Pros of keeping with Siamese Algae Eater:

  • No aggression
  • No food competition
  • Fun to watch

Cons of keeping with Siamese Algae Eater :

  • None

6. Neon Tetra

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  • Scientific Name: Paracheirodon innesi
  • Adult Size: 1 inch
  • Compatible With: Siamese Algae Eaters
  • Care Level: Easy
  • Origin: Peru, Western Brazil, Southeastern Colombia

Neon tetras are named for their colors. The front half of their bellies are a white , shining like silver, while the back half and most of their tails are red. Their backs and sides are striped with a very reflective, flashy electric blue.

This electric blue color earned neon tetras their title, and will make a great contrast with the Siamese Algae Eater. Neon tetras are peaceful, as long as they have three or four of their own kind to help keep them confident and happy.

Pros of keeping with Siamese Algae Eater:

  • No food competition
  • No aggression

Cons of keeping with Siamese Algae Eater :

  • None!

7. Honey Gourami

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  • Scientific Name: trichogaster chuna
  • Adult Size: 2 inches
  • Compatible With: Siamese Algae Eaters
  • Care Level: Easy
  • Origin: Bangladesh, India

Honey Gouramis may look beautiful, like little gold coins coming to life and swimming around your tank. However, did you know that in the wild they are adept marksmen? When a honey gourami hunts, it spits water at flying bugs. These bugs are knocked into the water, where honey gouramis are waiting to feast!

Honey gouramis in captivity are a little less lethal; especially to other fish! They are peaceful, like to swim in groups of their own kind, and won’t cause any stress to your Siamese Algae Eater.

Pros of keeping with Siamese Algae Eater:

  • No aggression
  • No food competition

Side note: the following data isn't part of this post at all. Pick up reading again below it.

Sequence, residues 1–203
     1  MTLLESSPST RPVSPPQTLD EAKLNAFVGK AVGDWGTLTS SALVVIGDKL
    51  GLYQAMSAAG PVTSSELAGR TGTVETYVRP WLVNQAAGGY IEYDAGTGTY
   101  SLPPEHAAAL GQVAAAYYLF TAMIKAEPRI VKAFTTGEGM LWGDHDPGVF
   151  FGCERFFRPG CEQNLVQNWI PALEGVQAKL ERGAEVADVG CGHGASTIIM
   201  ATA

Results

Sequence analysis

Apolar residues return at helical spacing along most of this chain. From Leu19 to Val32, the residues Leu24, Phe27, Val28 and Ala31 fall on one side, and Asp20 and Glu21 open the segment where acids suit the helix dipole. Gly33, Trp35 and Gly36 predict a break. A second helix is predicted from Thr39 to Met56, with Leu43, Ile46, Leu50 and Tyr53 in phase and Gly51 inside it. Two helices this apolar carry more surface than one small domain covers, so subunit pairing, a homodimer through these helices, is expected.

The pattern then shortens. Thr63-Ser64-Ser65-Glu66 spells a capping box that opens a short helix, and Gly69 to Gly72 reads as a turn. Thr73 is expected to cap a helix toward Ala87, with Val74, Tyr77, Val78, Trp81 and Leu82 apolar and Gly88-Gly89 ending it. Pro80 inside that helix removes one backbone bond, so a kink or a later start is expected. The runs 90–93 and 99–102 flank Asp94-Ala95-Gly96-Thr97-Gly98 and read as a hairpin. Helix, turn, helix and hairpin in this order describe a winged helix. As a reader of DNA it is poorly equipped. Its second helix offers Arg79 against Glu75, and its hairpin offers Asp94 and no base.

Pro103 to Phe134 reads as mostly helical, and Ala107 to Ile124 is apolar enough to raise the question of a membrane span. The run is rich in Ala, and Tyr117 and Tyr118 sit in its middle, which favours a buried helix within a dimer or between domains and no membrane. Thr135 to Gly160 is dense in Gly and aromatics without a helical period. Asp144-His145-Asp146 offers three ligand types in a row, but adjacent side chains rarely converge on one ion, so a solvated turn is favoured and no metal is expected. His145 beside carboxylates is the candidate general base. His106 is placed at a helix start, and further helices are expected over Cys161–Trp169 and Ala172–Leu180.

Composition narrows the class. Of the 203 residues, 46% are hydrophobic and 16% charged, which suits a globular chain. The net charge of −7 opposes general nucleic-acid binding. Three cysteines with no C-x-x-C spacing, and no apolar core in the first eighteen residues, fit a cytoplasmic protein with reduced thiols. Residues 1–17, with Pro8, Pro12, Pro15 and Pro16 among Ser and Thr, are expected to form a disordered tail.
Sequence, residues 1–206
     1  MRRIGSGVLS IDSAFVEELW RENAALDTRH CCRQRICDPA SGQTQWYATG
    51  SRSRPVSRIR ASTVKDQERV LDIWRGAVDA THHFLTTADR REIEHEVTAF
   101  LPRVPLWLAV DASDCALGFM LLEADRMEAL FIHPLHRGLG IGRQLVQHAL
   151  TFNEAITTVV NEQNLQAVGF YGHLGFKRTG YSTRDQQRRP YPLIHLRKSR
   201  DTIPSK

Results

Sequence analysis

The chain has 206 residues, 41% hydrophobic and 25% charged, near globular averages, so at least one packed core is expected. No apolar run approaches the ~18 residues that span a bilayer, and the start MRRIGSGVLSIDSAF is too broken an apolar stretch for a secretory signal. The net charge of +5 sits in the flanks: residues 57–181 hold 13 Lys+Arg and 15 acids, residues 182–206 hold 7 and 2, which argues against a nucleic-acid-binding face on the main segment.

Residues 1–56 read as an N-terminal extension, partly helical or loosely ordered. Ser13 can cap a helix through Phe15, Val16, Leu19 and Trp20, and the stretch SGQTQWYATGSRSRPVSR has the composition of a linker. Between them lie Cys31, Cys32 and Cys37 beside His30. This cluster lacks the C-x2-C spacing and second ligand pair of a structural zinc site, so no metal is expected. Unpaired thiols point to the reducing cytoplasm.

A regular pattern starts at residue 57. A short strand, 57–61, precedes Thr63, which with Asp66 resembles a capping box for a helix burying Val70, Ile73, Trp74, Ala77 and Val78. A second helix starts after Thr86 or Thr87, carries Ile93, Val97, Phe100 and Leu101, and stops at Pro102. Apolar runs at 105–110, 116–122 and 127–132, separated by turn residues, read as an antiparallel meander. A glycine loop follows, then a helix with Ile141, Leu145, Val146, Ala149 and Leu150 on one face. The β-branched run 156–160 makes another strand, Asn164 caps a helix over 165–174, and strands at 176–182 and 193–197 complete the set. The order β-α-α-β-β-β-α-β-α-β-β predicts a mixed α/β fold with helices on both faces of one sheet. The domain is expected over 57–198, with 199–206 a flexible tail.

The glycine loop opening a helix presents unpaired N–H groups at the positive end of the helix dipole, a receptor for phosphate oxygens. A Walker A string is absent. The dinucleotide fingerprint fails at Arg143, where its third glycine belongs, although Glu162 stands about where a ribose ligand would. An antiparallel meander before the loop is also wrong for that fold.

Cons of keeping with Siamese Algae Eater :

  • None

8. Tiger Barb

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  • Scientific Name: Barbus tetrazona
  • Adult Size: 3 inches
  • Compatible With: Siamese Algae Eaters
  • Care Level: Easy
  • Origin: Sumatra, Borneo, Indonesia

Tiger Barbs are also called partbelt barbs or sumatra barbs. They are among the most popular fish for aquarium owners to purchase because they are remarkably easy to care for. They also get along very easily with so many other species of fish!

Tiger barbs are named for their stripes, as you might imagine. They are triangular in shape, and mostly a creamy white. This white is offset by jet black stripes and peachy pink on the tips of each fin.

A tiger barb is, as previously mentioned, peaceful. That being said, some tiger barbs that feel they don’t have enough room are prone to nipping; this is especially true of fish that have long, trailing fins. Your Siamese Algae Eater should be fine, but it is worth noting if you have a carried community tank!

Pros of keeping with Siamese Algae Eater:

  • No aggression
  • No food competition

Cons of keeping with Siamese Algae Eater :

  • None!

In Conclusion

To sum it all up, Siamese Algae eater tank mates should be fish that can coexist with the algae eater in terms of a peaceful temperament, an ability to keep to their own space, and the same water needs.

These fish could be smaller varieties, like tetras and danios, or they could simply be bottom-dwellers like bronze cories! Either way, with good tank mates, you’ll have a vibrant and varied tank in no time.

Ian Sterling

I've been keeping fish for over 30 years and currently have 4 different aquariums – it's an addiction. I'm here to teach you everything there is to know about fishkeeping.

I also use this site as an excuse to spend lots of money on testing and reviewing different aquarium products! You can find my reviews here.